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FANS ALBUM REVIEWS
Twelve Reviews - Overall Average Rating - 8.2 Tongues
June 27, 2009
What an underrated gem of an album! I'm giving it a 9 instead of a 9.5 only because of the filler live version of "Route 66". Every other song is just brilliant! Once again, the Stones prove just how good they are at covering Chicago blues with their version of Muddy Waters' "Look What You've Done". Brian's harmonica steals the show here.
Other winners are the well-known "Get Off My Cloud", "Blue Turns to Grey" and another live track, "I'm Moving On". "Get Off My Cloud" is a rocker with one of those fantastic riffs that the Stones are famous for. "Blue Turns to Grey" is a lovely little tune with great guitar work from both Brian and Keith. It is regrettable that "I'm Moving On" was never recorded in the studio. But it is possible that a studio version would not have matched the intensity displayed here. This track simply smokes.
All in all, an often-overlooked album that deserves to be rediscovered.
To listen to some sound clips from DECEMBER'S CHILDREN or to buy the CD, click on: December's Children (And Everybody's)
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February 19, 2005
I just stumbled onto this web site. Wish I had had a crack at some of the albums for which reviews are closed off. I really like December's Children, and the standout cuts to me are apparently not the same as what some others have pointed to. "Get Off of My Cloud" and "As Tears Go By" are classic Stones, of course, although I am not sure whether the former does much that, say, "19th Nervous Breakdown" and "Satisfaction" did not do better. The cuts I really like are "Better Move On," "Singer Not the Song," and "Blue Turns to Grey." The first is Stones doing real American Black music--soul with a tinge of country and western--without irony, without a wink and an nod. A great Arthur Alexander, Jr. song. See also the Beatles version of "Anna." Brits recognizing American Black music better than white folks in the States had. "Singer" mean-spirited in the same kind of groove as "Under My Thumb" and "Heart of Stone." Classic Stones theme of the time. I understand we have rap these days, but what other group was writing about dominating women this was in the early 60s. "Blue Turns to Grey" drips with Brian Jones' musicianship and subtle hooks, again with good lyrics "now, that she is gone, you won't be sad for long"--but in fact you will be. If "I'm Free" is a steal, it sure isn't from "8 Days a Week." Maybe from The Who "I'm Free." But still a good celebration of the attractiveness of a guy that is "free." I could have done without "Rt. 66" live. "Got to Get Away" seems like very solid work by the Stones in the time period. The other cuts seem at least okay with lots of Brian Jones interesting things coming up all over the place. On the overall ratings, I think I like this album as much as or than any other of the early Stones albums, which means I like it a whole lot. A tad better than Aftermath for instance. 12x5 seems underrated here, too. I see the Stones as starting to move away from being one incredible R&B cover band in these albums to being a truly distinct voice. That does not hurt at all.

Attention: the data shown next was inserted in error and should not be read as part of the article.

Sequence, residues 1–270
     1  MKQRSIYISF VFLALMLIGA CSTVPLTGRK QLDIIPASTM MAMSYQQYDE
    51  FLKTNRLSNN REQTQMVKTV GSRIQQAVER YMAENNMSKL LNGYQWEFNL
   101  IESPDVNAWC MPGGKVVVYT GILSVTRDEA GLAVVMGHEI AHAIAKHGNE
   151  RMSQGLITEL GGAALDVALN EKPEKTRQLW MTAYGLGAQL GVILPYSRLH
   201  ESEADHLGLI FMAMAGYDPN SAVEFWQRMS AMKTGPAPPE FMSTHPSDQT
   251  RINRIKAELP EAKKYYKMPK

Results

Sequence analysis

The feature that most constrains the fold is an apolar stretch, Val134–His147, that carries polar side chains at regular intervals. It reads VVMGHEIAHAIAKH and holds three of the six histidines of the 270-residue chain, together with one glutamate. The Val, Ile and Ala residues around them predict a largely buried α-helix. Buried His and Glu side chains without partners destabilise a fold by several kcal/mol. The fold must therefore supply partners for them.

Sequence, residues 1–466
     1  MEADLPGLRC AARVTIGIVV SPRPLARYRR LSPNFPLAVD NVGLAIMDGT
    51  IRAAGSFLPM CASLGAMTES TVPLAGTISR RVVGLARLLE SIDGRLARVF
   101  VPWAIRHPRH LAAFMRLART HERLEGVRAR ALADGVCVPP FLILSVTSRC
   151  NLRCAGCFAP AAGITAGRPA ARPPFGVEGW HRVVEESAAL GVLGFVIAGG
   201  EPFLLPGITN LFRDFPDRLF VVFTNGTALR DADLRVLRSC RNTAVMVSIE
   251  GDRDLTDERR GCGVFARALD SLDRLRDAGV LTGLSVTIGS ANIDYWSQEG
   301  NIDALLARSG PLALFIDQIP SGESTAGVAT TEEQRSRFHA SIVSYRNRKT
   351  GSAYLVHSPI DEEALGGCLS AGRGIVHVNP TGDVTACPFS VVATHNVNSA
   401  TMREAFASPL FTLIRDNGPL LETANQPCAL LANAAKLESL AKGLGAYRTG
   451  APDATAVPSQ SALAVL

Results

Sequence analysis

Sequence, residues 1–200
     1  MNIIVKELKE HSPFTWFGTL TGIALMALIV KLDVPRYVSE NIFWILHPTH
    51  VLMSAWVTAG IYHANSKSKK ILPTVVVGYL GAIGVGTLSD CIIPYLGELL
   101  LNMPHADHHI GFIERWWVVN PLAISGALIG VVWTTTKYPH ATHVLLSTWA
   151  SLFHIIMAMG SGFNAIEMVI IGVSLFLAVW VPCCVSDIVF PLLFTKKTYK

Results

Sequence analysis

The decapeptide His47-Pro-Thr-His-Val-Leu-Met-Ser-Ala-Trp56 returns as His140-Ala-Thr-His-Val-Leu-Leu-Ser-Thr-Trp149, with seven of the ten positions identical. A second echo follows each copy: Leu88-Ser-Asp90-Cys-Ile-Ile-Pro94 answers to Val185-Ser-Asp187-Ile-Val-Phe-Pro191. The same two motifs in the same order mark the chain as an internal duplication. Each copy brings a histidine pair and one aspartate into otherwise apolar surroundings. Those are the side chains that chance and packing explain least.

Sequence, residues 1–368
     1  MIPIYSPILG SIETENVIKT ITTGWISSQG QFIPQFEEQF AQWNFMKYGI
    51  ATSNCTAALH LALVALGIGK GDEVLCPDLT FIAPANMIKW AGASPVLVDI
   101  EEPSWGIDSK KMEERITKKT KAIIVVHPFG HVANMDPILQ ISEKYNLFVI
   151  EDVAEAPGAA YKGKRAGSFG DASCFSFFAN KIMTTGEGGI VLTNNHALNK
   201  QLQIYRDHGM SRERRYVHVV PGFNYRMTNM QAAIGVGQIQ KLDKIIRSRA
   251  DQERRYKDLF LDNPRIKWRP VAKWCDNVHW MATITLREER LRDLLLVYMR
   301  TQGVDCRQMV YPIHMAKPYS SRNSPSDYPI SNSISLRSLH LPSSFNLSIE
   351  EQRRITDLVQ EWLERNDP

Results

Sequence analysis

February 18, 2005
As said in other reviews, December's Children was the third Stones album released in one year. While the album makes it clear that they'd covered a lot in one year, it does show that the Stones may have been running out of material to use and were not willing to release an EP, which, in my opinion, should have been released. This album isn't a great buy. It doesn't have very many good songs, but the Stones should get some credit. They were making way for Aftermath.
By Starsuckin' Ruby Flash
January 11, 2004
There's still some blues on this album but rock was getting into the Stones' sound pretty quick. This was released in 1965, and still sounds hard and raw!
"She Said Yeah" opens the album with a minute and thirty-five seconds of action. Hard guitars. "Talkin' About You" is a nice little slower ballad. "You Better Move On" is really good. Some fine percussion and that bass. "Look What You've Done" is the only stereo track and is great. The harmonica solo is one of the best ever. "The Singer Not The Song" is a thoughtful song about love, Mick and Keith wrote good lyrics. The song rocks, but at the same time is gentle. Then we have a live cover of "Route 66." It's hard and strong, but the audience's screaming distracts. "Get Off My Cloud" is the best song, pounding drums and a great chorus make it one of rock's best songs. "I'm Free" is another beautiful, yet rocking number. "As Tears Go By" is the Stones' "Yesterday." Great song! "Gotta Get Away" is alright. "Blue Turns To Grey," what a great song! "I'm Moving On" ends the album with another rockin' live number. Sweet harmonica, fuzz bass (Aftermath, anyone?) and less audience noise makes this a great closer. All in all, the album holds together well, and is one of '65's best rock albums. This could be better than Aftermath!
September 16, 2002
This is more poppy collection of songs, to some extent, but nowhere to the point that the album loses energy - at all. This is a very good rock album. What we get here is a fair number of ballads and slower numbers.
LOOK WHAT YOU'VE DONE is a nice slow blues. Very Stones. ROUTE 66 is a driving live version. Very hard. It shows the difference between the Beatles of this era and the Stones. I'M FREE is a simple, strikingly effective anthem. There are more great rockers here, like GOTTA GET AWAY, TALKING ABOUT YOU, and SHE SAID YEAH. There's also the SATISFACTION-encore, GET OFF MY CLOUD.
I enjoy this album very much, and I'm sure all Stones fans will dig it too!
By the chipper
March 24, 2002
A cut and paste job concocted for the American market, this gathers together songs from various British albums, singles and EPs, some of which had been released more than a year and a half earlier. Marketing at its most crass? Of course, and it also presents a distorted view of the group's development as recording artists and songwriters. But like all the early Stones albums this is worth your cash anyway, simply because the songs are so good. "Get Off Of My Cloud" is the standout, a smash hit single with some of Charlie Watts' most propulsive drumming and some of Mick Jagger's most interesting lyrics (though you can't make them all out due to Andrew Loog Oldham's ...er... production). Another uptempo number is the rousing opening track, "She Said Yeah" (all 1 minute, 36 seconds of it). And, interestingly enough, this also includes raucous live recordings of "Route 66" and Hank Snow's "I'm Moving On", culled from the British EP Got Live If You Want It. But for the most part, this is a quieter, gentler Stones album, with such subdued songs as "Blue Turns To Grey", the famous "As Tears Go By" (originally written to order for teenaged Marianne Faithfull), the cheerfully naive "I'm Free", and the much maligned "The Singer Not The Song", which features slightly out-of-tune guitars, but nevermind! Of the cover songs, "Talkin' About You" is one of their only Chuck Berry numbers that is'nt up to snuff, but the takes on Muddy Waters' "Look What You've Done" (great harmonica!) and Arthur Alexander's "You Better Move On" are primo. And don't overlook "Gotta Get Away", an early Jagger-Richards "down on chicks" original. Lastly, the impact may be diminished in the CD age, but I would like to nominate the group photo for "December's Children" as their best album cover... all you 21st century grunge acts, eat your heart out!